Introduction to Computational Neuroscience
Introduction to Computational Neuroscience PHYS 597A
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Date Created: 11/01/15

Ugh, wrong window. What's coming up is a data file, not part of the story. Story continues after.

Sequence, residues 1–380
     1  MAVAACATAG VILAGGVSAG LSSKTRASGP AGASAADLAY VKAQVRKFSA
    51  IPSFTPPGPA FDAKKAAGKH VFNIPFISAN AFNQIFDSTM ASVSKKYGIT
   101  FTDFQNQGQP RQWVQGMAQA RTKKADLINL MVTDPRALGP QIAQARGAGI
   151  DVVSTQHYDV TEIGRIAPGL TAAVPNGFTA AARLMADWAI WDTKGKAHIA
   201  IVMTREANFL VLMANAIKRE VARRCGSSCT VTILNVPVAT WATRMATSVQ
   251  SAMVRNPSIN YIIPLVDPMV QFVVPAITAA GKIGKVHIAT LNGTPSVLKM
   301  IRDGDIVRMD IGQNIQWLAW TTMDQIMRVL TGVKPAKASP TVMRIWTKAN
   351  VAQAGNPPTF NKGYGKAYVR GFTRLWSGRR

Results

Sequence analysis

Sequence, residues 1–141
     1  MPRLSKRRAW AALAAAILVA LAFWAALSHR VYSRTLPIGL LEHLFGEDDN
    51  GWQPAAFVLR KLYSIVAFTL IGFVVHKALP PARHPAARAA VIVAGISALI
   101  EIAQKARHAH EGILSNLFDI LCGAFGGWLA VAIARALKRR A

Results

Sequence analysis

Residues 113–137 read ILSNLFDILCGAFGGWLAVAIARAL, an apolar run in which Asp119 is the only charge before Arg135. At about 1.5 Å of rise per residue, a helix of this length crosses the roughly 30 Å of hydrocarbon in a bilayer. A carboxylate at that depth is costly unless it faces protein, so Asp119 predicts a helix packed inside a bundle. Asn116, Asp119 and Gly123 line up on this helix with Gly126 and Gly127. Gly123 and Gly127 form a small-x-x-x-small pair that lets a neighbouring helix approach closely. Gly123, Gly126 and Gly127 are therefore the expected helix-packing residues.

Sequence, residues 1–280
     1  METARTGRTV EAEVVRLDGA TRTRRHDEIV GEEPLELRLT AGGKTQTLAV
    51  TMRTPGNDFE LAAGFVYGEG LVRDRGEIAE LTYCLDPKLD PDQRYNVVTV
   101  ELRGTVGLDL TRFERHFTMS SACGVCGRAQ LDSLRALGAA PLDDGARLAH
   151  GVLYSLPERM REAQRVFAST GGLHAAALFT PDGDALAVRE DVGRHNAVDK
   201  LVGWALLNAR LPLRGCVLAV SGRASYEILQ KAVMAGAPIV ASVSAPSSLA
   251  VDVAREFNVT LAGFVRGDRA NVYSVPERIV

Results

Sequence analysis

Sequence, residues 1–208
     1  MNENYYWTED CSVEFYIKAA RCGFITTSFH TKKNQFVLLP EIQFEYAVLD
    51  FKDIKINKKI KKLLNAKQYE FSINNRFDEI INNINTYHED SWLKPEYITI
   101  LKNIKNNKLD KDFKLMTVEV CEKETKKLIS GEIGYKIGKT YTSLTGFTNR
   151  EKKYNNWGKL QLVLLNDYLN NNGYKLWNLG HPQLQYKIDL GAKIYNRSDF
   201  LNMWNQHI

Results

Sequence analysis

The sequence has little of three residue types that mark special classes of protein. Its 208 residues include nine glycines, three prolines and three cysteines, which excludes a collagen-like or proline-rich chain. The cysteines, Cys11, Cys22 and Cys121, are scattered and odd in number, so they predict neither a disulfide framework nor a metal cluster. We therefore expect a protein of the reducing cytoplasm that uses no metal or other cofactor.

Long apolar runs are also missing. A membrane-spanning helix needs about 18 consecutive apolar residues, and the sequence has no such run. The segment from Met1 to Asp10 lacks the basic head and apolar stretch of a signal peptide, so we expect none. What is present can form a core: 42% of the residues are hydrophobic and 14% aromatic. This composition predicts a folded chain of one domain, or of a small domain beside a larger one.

Understanding the dynamics and function of cellular networks Cells are complex systems functionally diverse elements diverse interactions that form networks signal transduction gene regulatory metabolic have a function that needs to be performed sense and respond to the environment maintain homeostasis replicate need certain dynamical features sensitive to some changes insensitiveadaptable to others robust to unwanted perturbations evolvable shaped by evolution What is the relationship between the topological features of intracellular interaction networks and the dynamic behavior of cells Signaling gene regulation and protein interactions are intertwined transcriptional activation translation proteinprotein interac 39on post trans modi cation transcriptional repression I I 34 signal transduction Mapping of cellular interaction networks Experimental advances allow the construction of genomewide cellular interaction networks Protein networks Uetz et al 2000 Ito et al 2001 S cerevisiae Giot et al 2003 Drosophila melanogaster Li et al 2004 C elegans Human interactome Metabolic networks KEGG WIT Ecocyc Transcriptional regulatory networks ShenOrr et al 2002 E coli Guelzim et al 2002 Lee et al 2002 S cerevisiae Davidson et al 2002 sea urchin Signal transduction networks Ma ayan et al 2005 mammalian hippocampal neuron Graph analysis uncovered common architectural features of cellular networks Connected short path length heterogeneous scalefree conserved interaction motifs node degree number of edges indicating regulation byof multiple components degree distribution fraction of nodes With a given degree 0 1071 kg 1N 4 NE 1N ik Metabolites 19 7 our H r 7 our 6 7 gm Plquotkk39 10a 7 r ZZ moi K 11mm 75 7 39 7 39 V V mE A fulgl dus E To U r C Velegn nn H Jeong etaquot Nature 1039 10 10 101 103100 10 102 m3 10 10 102 103 407 651 2000 k k k quot regulators per gene S cerewsiae g mm 5 1 genes Per TF tmnscriptional network E 339 s E g m gm Lee et al Science 298 799 2002 Z Egmgwwgsmuh mmmummm me mmwwmm S cerevisiae protein network C Elegans protein network 39 39 L n a Ll et al Scrence 303 540 2004 D melanogaster protein network A Dllgt 107 o lto coredala I 3333135 92 marinersWong 10 10 102 2004 g quot x k g m 39 t Biological networks are highly heterogeneous g quot5 Many nodes have only a few edges but highly g 39 64 interactive hub nodes are also possible g A Z O 39 This suggests robustness to random m 39 95 mutations but vulnerability to mutations in highlyconnected components 7 39 R Albert A L Barabasi Rev Mod Phys 74 g g 1 2 0 5390 50 250 47 2002 Giot et al Science 302 1727 2003 Abundant regulatory motifs Amaregulatlon MumComponent Loop Feedfurward Loop 2 2 i I l V Positive and negative feedbaCk 100pS Positive and negative feedfOIWard loops blfans M scaffolds A Shen Orr et al Nature Genetics 2002 Lee et al Science 298 799 2002 Ma ayan et al Science 309 1078 2005 Feedfonivard loop convergent direct and indirect regulation noise filter Single input module one TF regulates several genes temporal program Bifans combinatorial regulation Scaffold protein complexes Positive and negative motifs Balance homeostasis More positive longterm info storage Importance of a dynamical understanding Only subsets of the genomewide interaction networks are active in a given external condition Han et all 2004 dynamical modularity of protein interaction networks Luscombe et al 2004 endogeneus and exogeneus transcriptional subnetworks see next two slides for a recap Q How can we incorporate the information on the presenceabsence or abundance of the molecules represented as nodes Not all interactions are simultaneously active Calculate the correlation between the 5 quot77 Genome expression timecourse of genes encoding 4 the first neighbors of hub proteins 3 g 3 Two peaks two different types of hubs Equot 5m M 0 05 m Party hubs are lnSlde connected modules g Sporulation that Interact Simultaneously Date hubs g 5 quot9 connect different modules 1 5 a f l x I f K V V R i ll 0 o5 o 05 10 i that H 1 Average PCC 1 77 Fanyihub V same time dllterenl lime and space andor space Han cl 3 Nature 443 88 2004 and space Conditiondependent transcription sub ne gdygymgrks Static Emgmu a fancier quot337mm may cynzamga Suzi l39cmmkr uda uerwmm H has 3 Magya Lia s timers w Iny39znrrwcn toriw QR Tr uxjialm Lon Liam imam S srl pan k qliu I p D q 5 1rgtr wowcm DH 5w my rmI39m vaneavian ram395 nclcr a V V quot A Iday 1 mm vmlm 6 h 039 39 m x quot u i h v i r Eh I33 mug ulreszs NSFr154 Endogenous Exogenous Compex TF combination Simple TF combination It 39JL E Few targets per TF Many targets per TF z u rum 39Long path length Short path length PM nter connected TF Few Inter connected TF Many FFL Singe input motifs Luscombe et al Nature 431 308 2004 Toward network dynamics Network topology needs to be complemented by a description of network dynamics states of the nodes and changes in the state First step pseudodynamics propagation of reactions in chemical interaction space starting from a source signal This can only be done in directed networks In effect we use topological analysis as a proxy for dynamic information on signal propagation Q What topological properties should be studied and what dynamic properties do they reflect Complete dynamical description is only feasible on smaller networks modules Signal transduction in bacterial chemotaxis NFkB signaling module the yeast cell cycle Drosophila embryonic segmentation Pseudodynamic signal propagation Act dist 2 Act dist 4 O nh dist 2 Pseuldodynamic effects of knockouts Forward and reverse dynamic modeling Dynamic modeling of interaction network Input components interactions states of components Hypotheses interactions kinetics rates parameters Output behavior of components in time Validation capture known behavior Explore study cases that are not accessible experimentally change parameters change assumptions Reverse problem Network inference from dynamic information lnput components states of components in time Hypotheses regulatory framework Output proposed regulatory network Validation capture known interactions We will study network inference later in the course Types of dynamic models Continuous similar to chemical kinetics differential equations Discrete assume a small set of qualitative states eg active or inactive basal intermediate high the changes in state are given by discrete logical rules Deterministic no randomness is involved in the development of future states of the system Stochastic nondeterministic in that the next state of is not fully determined by the previous state can take into account the fluctuations in mRNAprotein numbers and external noise